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Mise à jour:
2018/11/15
Orchids 


GROWING MODES

The orchid family is one of the largest among the plants with more than 35 000 botanical species disseminated throughout our planet. Their height vary from 5 millimeters to five meters. They are characterized by two growing modes. Firstly, the sympodial mode which allows the plant to grow from a horizontal rhizome;the plant can be divided when cutting the rhizome. Sometimes, a dumpy stem can be seen , it is a pseudobulb. Its function is to accumulate food and water. Secondly, the monopodial mode which has a vertical rhizome beginning at the lower leaves. The monopodial plants are very difficult to propagate by cutting the rhizome due to an almost impossible division.
EPIPHYTIC PLANTS Orchids can be epiphytes (they grow on other vegetals), litophytes (on rocks), terrestrials or semi-terrestrials. They are certainly not parasite plants: their roots are perfectly adapted to use their natural environment resources in an optimal manner. Most orchids are grown in pots with bark, tree fern roots, osmund fiber, sphagnum moss, or a mix of these materials. Some species are grown as epiphytes, simply mounted on a bark slab or tree fern roots plaque. Each genus has different needs when it comes to light. Fertilizer dosage must be changed in accordance of the growth, the dormancy state or to stimulate the blooming. The growing medium must be kept wet and contain the proper elements so as to allow a good air circulation within the pot; but the bulb and the new growth are always at risk of rotting and thus may be taken care of. In order to prevent any parasites infestation, the environment must be kept clean as well as the growing pots and tutors should be steririlized.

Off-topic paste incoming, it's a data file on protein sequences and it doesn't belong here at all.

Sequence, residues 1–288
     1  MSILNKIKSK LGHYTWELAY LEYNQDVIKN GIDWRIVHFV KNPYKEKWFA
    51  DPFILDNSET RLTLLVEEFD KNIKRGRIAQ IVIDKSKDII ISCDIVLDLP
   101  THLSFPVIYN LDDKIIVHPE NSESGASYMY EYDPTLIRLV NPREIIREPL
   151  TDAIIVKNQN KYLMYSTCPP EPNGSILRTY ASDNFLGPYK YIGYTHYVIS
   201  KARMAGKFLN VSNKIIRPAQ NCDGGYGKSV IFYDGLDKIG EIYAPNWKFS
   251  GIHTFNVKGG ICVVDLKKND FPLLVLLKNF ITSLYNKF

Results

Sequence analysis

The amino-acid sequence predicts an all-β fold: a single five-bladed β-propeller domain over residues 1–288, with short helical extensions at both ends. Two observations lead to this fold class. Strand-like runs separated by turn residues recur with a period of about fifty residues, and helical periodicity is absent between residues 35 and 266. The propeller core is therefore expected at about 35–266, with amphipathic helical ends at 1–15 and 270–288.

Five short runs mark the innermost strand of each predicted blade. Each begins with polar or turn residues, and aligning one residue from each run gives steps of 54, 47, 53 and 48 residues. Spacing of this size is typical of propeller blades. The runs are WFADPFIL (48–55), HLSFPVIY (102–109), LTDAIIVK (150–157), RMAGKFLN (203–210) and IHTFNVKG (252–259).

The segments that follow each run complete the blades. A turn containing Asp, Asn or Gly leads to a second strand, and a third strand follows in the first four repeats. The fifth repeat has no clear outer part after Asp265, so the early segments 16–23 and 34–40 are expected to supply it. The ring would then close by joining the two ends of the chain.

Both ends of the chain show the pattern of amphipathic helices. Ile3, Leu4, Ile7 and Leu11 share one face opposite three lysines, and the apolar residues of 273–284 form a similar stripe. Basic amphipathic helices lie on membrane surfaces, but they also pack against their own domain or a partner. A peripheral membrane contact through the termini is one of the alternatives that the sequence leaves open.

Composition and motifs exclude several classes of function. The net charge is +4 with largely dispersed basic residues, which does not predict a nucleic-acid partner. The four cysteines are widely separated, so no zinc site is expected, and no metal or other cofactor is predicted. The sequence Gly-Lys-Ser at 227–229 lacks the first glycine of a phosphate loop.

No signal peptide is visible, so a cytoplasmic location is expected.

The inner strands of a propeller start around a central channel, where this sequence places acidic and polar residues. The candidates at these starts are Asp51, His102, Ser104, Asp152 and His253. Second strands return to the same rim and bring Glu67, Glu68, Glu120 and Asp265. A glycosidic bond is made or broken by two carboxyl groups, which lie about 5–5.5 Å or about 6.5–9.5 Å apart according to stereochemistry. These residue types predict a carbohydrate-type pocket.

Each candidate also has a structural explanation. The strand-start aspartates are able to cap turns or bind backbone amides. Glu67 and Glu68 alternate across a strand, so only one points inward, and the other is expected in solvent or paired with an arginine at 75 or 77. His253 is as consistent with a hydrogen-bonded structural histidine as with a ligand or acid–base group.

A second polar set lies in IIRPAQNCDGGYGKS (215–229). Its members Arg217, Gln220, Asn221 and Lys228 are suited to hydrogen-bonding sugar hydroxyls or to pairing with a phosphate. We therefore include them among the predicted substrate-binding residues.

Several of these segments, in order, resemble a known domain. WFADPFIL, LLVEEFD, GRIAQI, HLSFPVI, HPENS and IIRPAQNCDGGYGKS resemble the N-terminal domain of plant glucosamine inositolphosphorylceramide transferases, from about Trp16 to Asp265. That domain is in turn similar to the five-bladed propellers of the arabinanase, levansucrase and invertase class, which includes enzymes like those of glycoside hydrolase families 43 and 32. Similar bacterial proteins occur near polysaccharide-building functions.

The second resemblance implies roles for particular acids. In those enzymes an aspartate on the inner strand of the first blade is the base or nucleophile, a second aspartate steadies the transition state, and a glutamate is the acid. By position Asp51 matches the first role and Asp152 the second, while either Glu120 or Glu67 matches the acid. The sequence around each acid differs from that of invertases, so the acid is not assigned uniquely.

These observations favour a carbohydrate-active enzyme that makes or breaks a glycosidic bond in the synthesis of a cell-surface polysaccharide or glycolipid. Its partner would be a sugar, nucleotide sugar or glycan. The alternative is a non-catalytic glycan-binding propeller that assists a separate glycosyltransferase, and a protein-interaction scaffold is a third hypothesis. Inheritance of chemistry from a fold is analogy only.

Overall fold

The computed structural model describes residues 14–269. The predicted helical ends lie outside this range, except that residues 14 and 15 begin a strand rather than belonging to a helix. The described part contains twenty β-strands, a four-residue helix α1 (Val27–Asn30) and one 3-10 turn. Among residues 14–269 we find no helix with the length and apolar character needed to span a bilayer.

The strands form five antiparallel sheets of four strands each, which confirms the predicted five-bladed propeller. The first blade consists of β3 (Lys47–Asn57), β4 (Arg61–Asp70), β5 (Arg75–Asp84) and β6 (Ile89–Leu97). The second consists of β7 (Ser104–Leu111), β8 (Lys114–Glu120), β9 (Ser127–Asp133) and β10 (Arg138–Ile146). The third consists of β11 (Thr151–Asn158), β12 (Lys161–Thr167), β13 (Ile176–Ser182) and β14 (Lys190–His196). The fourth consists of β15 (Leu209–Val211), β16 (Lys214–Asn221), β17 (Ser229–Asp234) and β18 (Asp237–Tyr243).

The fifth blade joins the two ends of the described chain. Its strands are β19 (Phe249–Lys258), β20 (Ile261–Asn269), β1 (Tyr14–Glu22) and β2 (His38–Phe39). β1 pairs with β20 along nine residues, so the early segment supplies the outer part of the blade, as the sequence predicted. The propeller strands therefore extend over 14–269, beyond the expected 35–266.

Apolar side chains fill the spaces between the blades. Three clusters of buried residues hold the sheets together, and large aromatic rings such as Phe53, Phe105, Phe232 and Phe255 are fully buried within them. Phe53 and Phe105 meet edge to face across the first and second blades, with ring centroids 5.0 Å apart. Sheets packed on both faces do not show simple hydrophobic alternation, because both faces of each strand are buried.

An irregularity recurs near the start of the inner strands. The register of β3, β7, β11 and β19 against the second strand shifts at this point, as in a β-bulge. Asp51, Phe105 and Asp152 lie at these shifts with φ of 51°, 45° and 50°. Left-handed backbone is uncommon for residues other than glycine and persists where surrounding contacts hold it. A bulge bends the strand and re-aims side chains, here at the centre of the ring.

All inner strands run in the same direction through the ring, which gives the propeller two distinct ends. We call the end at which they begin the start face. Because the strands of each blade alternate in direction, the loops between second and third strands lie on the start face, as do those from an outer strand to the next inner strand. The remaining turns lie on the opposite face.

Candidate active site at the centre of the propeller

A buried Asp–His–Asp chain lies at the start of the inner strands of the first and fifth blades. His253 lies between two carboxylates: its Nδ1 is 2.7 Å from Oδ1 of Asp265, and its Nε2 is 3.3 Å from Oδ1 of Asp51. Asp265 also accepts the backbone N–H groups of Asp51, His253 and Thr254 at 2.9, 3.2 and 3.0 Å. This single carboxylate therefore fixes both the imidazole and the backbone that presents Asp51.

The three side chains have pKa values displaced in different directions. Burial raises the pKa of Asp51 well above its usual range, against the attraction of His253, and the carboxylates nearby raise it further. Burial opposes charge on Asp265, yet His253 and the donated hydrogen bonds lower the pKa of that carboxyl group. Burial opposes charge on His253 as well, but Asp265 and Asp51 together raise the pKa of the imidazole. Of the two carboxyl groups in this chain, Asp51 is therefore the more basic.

FLOWERING Most orchids types bloom once the year, with flowers of a good longevity. The triggering of the floraison is often linked to variations of lightning and temperature. The flowers use the most ingenious means to delude the pollinators, by imitation, chemical or visual enticement, or by provocation. The flowers of the orchid are composed from three sepales and three petals, of which the one is modified in lip (labelle). This one is often curled and colored to attract the pollinisatuers towards the stamens and the pistil, soldered in an organ called column. It is this structure that characterizes the orchids.
BUYING When buying orchids, choose only sane, well potted, and well identified specimens. Some disease could appear later, so it would be wiser to put your new acquisitions in quarantine during a six weeks or months period. Buying plant sold by well-known producers and artificially propagated contributes to orchids preservation in their natural habitat. Collecting orchids in nature - even in small number and for well intended collectors purposes - leads directly to the extinction of species in some areas. Moreover, as in their habitats these plants grow in perfect symbiosis with microscopic fungi they do not survive transplantation.
 
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